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  • Writer's pictureLaura

Is All Screen Time Created Equal?

Making the Best Choices for your Children

Before I had children, I was adamant they'd have very little screen time bwahahaha

Oh yes, what good parents we all were in those days before we actually became parents.

Then I had children and realised that there are actually quite a lot of decent shows. And sometimes they're missing out on talking to their friends about shows. And sometimes I just everyone to be quiet!

How much TV are children watching?

In 2019, children aged between three and four in the UK watched 12.7 hours of television per week. That's nearly two hours a day. The reality is that almost all of us use television at various times as a babysitter, an entertainer or even as a teacher.

Does the amount of screen time really matter?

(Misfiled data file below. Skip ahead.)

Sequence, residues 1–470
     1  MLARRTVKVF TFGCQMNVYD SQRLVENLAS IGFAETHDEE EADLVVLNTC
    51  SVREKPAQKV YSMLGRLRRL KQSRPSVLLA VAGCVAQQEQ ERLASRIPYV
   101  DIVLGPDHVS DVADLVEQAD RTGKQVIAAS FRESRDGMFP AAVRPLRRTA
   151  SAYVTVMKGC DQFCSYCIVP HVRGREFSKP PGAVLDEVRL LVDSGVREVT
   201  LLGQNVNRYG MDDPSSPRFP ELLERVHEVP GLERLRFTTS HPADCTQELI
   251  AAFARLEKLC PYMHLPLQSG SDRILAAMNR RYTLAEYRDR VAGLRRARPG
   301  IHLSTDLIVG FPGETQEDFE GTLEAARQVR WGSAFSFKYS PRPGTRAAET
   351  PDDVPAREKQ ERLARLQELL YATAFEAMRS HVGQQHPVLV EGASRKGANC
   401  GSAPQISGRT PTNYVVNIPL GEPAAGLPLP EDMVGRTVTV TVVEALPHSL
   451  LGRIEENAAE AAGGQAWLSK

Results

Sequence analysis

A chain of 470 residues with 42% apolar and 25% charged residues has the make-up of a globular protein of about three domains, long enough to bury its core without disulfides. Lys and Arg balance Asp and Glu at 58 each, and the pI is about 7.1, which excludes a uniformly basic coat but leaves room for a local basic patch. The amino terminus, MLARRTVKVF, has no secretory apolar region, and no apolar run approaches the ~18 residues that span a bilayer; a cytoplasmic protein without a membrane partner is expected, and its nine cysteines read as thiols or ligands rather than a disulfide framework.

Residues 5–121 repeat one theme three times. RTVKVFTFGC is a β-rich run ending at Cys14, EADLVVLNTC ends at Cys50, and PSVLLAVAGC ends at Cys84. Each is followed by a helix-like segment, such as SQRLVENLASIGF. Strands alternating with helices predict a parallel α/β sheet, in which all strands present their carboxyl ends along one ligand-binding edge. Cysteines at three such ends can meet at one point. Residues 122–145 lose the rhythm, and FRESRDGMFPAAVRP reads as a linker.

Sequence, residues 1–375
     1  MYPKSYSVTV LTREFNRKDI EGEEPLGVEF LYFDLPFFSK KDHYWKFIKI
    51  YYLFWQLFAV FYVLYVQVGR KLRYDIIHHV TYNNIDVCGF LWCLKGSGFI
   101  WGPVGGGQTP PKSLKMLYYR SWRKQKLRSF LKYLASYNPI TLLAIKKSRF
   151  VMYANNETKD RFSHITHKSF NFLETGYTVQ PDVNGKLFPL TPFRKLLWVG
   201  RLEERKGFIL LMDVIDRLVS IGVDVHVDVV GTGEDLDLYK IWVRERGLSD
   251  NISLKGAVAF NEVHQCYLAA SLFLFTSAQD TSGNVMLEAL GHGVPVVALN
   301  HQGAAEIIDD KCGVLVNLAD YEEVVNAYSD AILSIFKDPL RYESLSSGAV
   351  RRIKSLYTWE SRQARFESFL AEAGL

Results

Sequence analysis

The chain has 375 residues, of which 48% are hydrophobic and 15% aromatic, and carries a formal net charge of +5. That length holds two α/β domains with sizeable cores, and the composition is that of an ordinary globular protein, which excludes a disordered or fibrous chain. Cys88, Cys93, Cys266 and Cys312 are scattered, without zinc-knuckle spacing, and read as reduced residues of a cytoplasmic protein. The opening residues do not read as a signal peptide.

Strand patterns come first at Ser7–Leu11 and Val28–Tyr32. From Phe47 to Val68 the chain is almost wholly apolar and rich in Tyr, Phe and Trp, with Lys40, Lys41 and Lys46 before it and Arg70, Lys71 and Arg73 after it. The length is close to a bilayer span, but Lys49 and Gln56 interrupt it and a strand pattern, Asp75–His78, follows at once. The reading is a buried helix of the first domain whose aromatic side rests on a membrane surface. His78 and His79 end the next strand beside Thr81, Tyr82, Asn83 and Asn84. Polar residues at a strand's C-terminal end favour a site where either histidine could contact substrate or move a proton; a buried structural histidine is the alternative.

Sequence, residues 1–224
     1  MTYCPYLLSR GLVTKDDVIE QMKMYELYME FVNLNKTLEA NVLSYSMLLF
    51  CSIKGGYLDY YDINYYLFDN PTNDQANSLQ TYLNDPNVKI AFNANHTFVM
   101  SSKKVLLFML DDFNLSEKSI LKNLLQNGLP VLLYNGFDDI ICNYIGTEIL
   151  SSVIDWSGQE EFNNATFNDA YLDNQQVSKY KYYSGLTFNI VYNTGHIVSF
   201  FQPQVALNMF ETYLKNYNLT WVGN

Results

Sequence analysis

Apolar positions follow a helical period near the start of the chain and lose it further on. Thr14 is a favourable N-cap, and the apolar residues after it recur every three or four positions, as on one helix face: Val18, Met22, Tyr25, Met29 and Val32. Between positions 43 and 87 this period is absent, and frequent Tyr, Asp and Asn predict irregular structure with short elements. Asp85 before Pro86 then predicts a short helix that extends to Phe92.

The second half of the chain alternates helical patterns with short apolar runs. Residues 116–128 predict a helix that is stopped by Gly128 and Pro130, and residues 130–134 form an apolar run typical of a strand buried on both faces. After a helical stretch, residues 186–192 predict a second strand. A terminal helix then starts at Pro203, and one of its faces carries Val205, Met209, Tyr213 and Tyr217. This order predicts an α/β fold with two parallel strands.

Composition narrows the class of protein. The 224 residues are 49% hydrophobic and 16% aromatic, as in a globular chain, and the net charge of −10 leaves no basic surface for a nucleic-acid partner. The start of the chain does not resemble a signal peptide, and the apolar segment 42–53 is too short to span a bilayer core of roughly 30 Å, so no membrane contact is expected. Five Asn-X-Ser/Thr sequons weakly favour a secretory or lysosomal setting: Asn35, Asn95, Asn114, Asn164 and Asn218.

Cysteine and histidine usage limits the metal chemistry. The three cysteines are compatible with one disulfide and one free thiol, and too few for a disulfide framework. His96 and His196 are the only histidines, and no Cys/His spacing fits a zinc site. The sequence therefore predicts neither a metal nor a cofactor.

More often that not we're taught to believe that screen time = bad. Studies often show no benefits of watching television for children under two, and for over twos it's not much better.

Most research warning against screen time has looked into the effects of television watching as a passive and sedentary activity. Basically they're looking at children sitting on their bums staring blankly at a screen. But this doesn't reflect the reality of what our screen time actually looks like today.

Screen time now includes games and apps and even online classes. Research has shown that by choosing the content of children's screen time carefully, (in over-twos) it can actually have educational benefits and even fill in gaps that we can't always meet ourselves.

Research has shown that by choosing the content of children's screen time carefully, it can actually have educational benefits and even fill in gaps that we can't always meet ourselves.

If we're going to use screen time sometimes anyway, what can we do to make it the best it can be?

How Should We Choose Screen Time Content?